ThredUp is ready for its big moment — and is starting with a valuation of $1.3 billion.
The secondhand specialist priced its initial public offering at $14 a share late Thursday, coming in at the high-end of its expected range of $12 to $14 a share. That means the company raised about $168 million as it sold 12 million shares to big investors.
But the main event will be on Friday, when those institutional investors turn around and sell those shares on the open market, completing the IPO process on the Nasdaq stock exchange.
The offering will give the company a new kind of currency — a readily tradable stock — that it can use to pay executives, cut deals and gauge its financial position on a second-by-second basis.
Big first-day run-ups in values are common, especially in a buzzy sector like the secondhand market, but they don’t always last as investors reset.
Second-hand consumer-to-consumer platform Poshmark saw its valuation shoot up to $7.4 billion at the end of its first day on the market in January, but has since seen its market capitalization slip to $2.9 billion.
ThredUp has a different model, taking control of goods from consumers with an intricate back-end operation that takes bags of clothes from cleaned out closets, sorts them, recycles some, photographs others and posts them for sale. Consumers can then get a cut of the sale and their place in a more ecologically sustainable fashion process.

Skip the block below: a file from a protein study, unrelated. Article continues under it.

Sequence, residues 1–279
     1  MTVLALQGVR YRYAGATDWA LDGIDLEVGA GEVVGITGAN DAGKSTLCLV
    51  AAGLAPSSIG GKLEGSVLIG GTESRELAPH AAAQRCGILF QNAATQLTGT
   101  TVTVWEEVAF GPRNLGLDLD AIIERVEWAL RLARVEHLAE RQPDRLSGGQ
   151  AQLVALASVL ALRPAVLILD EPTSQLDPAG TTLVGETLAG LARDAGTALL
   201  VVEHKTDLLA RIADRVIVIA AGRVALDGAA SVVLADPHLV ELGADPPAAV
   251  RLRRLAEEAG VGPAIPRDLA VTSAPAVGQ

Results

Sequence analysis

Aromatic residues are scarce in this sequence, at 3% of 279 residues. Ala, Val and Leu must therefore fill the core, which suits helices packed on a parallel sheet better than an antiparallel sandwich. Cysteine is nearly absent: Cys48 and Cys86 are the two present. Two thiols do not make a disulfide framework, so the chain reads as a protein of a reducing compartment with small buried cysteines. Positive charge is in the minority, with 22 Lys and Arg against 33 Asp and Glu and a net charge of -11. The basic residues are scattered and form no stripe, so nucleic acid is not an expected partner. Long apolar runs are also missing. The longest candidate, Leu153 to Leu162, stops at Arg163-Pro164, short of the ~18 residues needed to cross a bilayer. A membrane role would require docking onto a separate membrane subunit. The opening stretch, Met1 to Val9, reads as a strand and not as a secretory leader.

Patricia Nakache, chairperson, told WWD: “Our infrastructure is highly-scalable. Our distribution centers can currently hold 5.5 million items, and we expect this to increase to 6.5 million items by the end of 2021. We currently have the ability to process more than 100,000 unique SKUs per day, and we expect our daily processing capacity to increase over time. Since our founding, we have processed over 100 million unique secondhand items, and we are rapidly expanding our capacity to serve our buyers, sellers and [retail as a service] partners.
“ThredUp’s business may be harder to build in the short-term because we’re taking on work for the customer, but I believe it will have a lasting long-term impact,” Nakache said.
The company’s revenues rose 14 percent last year to $186 million, with 1.24 million active buyers, as net losses tallied $47.9 million.
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